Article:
TAMPA — Former Gov. Charlie Crist, who plans a “major announcement” Monday about his political future, let slip a pretty big clue today about what it is — he’s filed paperwork to run for governor.
Crist filed at 3:50 p.m. today, appointing a campaign treasurer and designating a campaign bank account to run for governor as a Democrat.
The treasurer is Sanford Horwitz, CEO of the Coral Gables-based Goldstein-Schechter-Koch accounting firm, and Crist’s campaign headquarters will be at 1 Beach Drive in St. Petersburg, the address of the Bayfront Tower condo building.
Crist has long been expected to run for governor. He has been saying for about a week that he would announce his plans Monday, and put out a news release today about a rally including a “major announcement” at 10 a.m. Monday at Albert Whitted Park, 480 Bayshore Dr. SE.
The public is invited to the rally, and attendees are asked to arrive by 9:30 a.m.
“See you Monday,” Crist tweeted Friday afternoon.
Under Florida law, Crist technically is required to have a campaign bank account and treasurer before making any expenditure for a campaign, even paying the costs of a rally to announce a campaign, said elections law expert Mark Herron.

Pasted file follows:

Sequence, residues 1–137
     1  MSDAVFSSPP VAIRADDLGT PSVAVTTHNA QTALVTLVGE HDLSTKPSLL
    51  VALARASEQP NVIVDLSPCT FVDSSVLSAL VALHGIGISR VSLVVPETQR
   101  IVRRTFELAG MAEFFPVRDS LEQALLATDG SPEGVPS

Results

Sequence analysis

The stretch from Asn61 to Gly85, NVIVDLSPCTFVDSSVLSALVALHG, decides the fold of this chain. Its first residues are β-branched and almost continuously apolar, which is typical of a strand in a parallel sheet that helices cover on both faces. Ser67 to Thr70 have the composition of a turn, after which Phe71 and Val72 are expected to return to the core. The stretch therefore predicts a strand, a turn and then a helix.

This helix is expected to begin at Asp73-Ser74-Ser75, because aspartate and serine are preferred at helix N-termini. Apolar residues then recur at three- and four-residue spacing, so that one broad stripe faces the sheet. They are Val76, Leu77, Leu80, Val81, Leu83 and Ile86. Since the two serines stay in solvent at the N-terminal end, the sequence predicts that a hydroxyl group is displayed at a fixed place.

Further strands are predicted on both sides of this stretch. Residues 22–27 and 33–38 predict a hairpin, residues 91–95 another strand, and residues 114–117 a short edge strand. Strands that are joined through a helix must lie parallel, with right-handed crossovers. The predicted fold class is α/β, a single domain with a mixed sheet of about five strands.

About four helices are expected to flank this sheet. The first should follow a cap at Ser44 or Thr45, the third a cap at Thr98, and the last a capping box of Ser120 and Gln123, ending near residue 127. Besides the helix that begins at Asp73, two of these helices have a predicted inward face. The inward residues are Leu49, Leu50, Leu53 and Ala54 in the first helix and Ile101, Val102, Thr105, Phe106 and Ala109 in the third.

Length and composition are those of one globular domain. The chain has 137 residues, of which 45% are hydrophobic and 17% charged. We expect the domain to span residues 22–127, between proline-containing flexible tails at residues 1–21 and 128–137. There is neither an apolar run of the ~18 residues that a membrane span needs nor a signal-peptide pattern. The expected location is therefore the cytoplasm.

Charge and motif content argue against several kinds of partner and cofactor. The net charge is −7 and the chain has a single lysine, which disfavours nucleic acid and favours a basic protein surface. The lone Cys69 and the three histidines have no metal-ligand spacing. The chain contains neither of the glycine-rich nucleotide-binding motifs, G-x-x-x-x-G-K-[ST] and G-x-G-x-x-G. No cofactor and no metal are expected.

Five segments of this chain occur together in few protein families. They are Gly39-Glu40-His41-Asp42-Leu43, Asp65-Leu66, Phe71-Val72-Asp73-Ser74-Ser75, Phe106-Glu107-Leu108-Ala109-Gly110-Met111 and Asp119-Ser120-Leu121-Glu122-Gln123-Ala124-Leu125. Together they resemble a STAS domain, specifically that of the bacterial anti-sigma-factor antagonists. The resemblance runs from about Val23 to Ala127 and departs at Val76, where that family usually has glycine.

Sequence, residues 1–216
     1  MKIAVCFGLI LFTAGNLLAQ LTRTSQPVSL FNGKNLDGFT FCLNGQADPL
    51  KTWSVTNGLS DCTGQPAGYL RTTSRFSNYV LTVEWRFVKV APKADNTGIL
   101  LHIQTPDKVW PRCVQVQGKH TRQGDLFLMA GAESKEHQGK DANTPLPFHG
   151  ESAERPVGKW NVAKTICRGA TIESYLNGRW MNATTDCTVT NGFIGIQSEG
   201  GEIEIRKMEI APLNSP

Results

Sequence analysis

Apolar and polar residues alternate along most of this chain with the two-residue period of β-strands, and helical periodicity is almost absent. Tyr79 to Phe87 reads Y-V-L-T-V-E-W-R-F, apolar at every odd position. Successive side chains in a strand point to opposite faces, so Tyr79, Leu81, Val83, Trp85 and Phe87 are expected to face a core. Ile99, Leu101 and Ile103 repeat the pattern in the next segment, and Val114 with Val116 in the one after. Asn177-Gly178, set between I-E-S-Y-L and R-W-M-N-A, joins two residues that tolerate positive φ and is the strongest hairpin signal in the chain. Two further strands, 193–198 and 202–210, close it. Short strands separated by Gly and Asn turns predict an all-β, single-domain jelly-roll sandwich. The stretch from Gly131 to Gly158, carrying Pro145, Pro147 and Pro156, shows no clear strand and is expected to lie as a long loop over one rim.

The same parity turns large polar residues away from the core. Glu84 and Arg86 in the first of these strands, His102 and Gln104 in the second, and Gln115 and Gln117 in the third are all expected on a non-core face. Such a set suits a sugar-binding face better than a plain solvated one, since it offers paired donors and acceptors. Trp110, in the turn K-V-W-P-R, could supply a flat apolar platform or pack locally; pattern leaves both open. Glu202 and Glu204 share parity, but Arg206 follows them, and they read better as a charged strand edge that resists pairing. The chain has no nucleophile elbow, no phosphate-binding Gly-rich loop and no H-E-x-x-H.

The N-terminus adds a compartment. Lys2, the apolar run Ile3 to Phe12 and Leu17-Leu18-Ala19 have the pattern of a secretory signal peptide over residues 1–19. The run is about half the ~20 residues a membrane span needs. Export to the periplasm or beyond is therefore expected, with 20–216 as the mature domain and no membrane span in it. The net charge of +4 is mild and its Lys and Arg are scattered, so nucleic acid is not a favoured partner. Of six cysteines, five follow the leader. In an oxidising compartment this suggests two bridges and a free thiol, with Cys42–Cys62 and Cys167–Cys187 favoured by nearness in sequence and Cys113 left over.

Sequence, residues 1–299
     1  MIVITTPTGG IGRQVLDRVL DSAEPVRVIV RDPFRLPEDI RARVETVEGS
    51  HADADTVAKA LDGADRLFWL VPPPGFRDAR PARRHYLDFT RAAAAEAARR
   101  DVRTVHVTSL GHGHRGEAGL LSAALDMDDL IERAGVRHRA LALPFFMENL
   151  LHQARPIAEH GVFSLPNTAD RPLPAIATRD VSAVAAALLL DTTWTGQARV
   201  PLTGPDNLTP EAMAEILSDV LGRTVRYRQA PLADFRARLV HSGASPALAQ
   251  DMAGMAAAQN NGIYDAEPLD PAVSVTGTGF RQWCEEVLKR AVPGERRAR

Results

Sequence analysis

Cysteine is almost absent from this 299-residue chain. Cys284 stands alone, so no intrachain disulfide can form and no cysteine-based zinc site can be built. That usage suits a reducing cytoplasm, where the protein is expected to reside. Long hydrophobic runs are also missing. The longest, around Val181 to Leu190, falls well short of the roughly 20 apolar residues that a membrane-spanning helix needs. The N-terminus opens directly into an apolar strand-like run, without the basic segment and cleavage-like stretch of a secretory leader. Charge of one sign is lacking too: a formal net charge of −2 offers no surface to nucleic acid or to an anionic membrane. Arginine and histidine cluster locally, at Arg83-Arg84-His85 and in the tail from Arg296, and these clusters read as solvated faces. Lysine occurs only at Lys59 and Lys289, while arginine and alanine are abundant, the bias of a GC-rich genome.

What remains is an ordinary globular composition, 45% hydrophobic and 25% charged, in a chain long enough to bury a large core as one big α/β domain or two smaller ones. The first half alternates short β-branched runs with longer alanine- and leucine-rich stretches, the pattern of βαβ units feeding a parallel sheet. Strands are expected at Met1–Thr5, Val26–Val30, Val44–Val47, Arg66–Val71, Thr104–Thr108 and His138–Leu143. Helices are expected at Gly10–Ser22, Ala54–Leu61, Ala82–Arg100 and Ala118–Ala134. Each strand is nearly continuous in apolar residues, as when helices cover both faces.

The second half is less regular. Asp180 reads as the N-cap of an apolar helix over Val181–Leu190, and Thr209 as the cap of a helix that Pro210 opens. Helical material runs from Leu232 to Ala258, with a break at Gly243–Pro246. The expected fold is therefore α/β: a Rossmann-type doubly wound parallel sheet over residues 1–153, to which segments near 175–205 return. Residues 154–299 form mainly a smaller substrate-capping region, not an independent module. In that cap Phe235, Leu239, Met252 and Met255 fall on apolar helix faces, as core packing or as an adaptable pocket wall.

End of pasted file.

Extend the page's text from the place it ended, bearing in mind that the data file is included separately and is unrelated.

Ironically, the Florida Republican Party was the first to publicly announce Crist’s filing of papers.
After the former governor’s switch from Republican to no-party for his 2010 race for the U.S. Senate, and his subsequent switch to the Democratic Party and strong support for the re-election of President Barack Obama, Crist has become probably the top target of the Florida GOP.
“Charlie Crist has now officially filed to run for the position he once abandoned,” said state GOP Chairman Lenny Curry, in a news release about Crist’s filing, a reference to Crist’s decision in 2010 to run for the Senate instead of running for re-election as governor.
“When Florida needed Charlie Crist the most during difficult economic times, he ran away. If he really wants to be governor now, why did he quit the first time?”
As governor, Crist had tangled with the Republican Party over a number of issues including abortion, Obama’s economic stimulus plan, the environment and teacher pay and evaluations. He said he thought he could do more good in Washington than Tallahassee.
He later said the Republican Party had become too intolerant and too dominated by the tea party and the right wing, using the same phrase former Democrats often used in the 1980s when they became Republicans—“The party left me.”